While I've got this one-way ticket aboard the complain train, I might as well also bring up the fact that I'm also mad about what I perceive as gender inequality in getting remarried. When I got married, my family and friends threw me a wedding shower and my parents paid for most of our wedding. We also received a number of wedding gifts. Following my divorce, I was convinced I'd never get married again. A little over three years later, I find myself super in love with someone who I'm pretty sure was put on this planet with the express purpose of making me smile on a daily basis. We talk about getting married, and what our wedding will be like, but what he doesn't know (or didn't know until now) is that I cringe a little at the thought of having another wedding. It's not because I don't want to throw a good party, or celebrate being in love with him, I just don't want people to be resentful or feel obligated to attend another wedding because I didn't get it right the first time. This weighs heavily on me. But hey, my ex gets to have another go at it and it will probably be a huge affair, with little to no judgement thrown his way. Nobody ever talks about the groom at these things anyway.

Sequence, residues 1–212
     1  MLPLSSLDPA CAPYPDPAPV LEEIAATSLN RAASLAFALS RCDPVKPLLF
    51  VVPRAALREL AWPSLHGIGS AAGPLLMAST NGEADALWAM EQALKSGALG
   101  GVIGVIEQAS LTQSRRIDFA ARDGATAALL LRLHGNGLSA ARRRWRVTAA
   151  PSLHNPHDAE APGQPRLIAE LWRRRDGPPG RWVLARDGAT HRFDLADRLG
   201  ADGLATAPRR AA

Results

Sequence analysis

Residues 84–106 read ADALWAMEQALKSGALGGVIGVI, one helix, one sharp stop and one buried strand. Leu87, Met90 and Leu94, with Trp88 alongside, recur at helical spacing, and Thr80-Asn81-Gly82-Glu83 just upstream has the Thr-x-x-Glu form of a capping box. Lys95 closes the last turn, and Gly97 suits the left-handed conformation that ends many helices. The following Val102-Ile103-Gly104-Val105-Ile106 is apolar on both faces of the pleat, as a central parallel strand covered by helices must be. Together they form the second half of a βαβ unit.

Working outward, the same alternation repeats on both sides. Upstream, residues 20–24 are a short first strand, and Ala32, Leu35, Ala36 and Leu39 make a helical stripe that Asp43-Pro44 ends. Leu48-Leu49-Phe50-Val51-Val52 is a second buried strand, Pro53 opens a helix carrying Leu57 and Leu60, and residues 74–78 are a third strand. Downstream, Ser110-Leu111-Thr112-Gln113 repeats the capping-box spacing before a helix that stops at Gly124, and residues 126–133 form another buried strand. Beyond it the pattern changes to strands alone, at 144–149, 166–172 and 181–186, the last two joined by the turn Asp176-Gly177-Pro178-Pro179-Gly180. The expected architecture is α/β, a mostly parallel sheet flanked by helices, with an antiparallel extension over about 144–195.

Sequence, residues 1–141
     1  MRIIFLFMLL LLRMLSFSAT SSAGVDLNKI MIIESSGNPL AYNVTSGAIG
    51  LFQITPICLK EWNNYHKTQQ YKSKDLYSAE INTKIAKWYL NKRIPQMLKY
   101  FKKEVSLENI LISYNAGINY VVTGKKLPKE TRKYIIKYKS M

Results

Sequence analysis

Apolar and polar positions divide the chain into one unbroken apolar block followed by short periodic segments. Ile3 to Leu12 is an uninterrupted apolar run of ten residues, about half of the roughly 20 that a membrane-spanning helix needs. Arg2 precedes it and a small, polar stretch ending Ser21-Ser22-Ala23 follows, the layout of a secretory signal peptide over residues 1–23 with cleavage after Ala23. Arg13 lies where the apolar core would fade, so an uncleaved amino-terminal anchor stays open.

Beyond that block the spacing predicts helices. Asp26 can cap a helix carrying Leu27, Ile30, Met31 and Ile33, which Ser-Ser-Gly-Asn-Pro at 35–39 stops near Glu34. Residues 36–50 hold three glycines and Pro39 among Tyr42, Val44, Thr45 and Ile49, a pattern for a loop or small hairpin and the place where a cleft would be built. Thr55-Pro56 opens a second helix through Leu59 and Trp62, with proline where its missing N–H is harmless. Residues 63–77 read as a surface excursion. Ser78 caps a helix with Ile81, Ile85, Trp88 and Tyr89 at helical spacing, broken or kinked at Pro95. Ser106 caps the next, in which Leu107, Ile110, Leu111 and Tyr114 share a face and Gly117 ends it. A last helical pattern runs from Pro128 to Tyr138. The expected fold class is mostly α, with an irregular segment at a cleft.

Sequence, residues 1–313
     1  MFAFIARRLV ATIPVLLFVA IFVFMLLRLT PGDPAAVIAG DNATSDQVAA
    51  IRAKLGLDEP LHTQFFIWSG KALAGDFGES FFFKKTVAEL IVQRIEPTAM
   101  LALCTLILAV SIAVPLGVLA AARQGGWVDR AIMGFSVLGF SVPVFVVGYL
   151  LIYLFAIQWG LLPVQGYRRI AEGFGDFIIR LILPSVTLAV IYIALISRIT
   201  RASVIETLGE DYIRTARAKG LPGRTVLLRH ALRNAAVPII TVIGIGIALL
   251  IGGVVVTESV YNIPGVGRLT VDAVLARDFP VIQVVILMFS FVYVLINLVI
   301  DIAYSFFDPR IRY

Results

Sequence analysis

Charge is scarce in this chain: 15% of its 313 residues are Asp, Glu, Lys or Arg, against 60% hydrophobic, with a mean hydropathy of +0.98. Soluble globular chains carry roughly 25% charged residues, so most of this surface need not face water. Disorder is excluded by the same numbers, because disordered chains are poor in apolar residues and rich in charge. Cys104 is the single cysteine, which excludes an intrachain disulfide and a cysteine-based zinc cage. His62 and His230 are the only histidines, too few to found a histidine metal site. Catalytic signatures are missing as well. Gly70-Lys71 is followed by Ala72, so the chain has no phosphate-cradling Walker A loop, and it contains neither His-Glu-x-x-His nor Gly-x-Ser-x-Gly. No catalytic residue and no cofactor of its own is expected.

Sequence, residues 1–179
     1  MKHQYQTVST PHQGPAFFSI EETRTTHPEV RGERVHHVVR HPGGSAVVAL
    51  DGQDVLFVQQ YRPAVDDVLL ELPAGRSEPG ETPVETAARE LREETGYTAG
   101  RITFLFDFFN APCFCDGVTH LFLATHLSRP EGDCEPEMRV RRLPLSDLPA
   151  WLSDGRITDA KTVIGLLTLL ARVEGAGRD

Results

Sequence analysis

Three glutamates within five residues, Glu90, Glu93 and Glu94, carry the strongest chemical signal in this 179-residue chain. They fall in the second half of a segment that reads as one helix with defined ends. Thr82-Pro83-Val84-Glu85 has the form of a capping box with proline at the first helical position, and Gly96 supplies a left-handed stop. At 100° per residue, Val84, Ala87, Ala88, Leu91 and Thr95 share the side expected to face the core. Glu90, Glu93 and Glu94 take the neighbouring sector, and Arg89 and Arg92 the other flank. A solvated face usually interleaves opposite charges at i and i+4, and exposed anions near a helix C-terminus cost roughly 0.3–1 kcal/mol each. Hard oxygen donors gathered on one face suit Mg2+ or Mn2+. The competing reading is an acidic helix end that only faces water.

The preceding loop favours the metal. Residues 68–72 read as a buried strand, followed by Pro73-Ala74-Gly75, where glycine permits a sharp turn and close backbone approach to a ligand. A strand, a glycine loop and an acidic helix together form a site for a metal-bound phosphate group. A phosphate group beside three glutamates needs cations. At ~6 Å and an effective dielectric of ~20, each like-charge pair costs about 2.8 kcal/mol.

Honestly, I'm surprised by my reaction to this whole thing. Aside from occasionally hearing about what he's up to, my ex isn't really a part of my life. I did ask the church where I was baptized to send my documentation to him, not because I agree with the annulment, but because I don't want to be perceived as a bitch for not going along with it, and hopefully handling things this way requires nothing else on my part.
Maybe I am overreacting (have you ever noticed how there's no such thing as underreacting? I call bullshit). Maybe I'll eventually accept this—I mean, I don't really have a choice. Maybe, eventually, someone who's going through—or who has gone through—something similar will read this, and it will resonate, and I'll make a new friend as we wax philosophical about annulments over beers.
For now I'm going to focus on getting back to being blissed out over the things that are happening immediately around me, because right now, things are pretty awesome.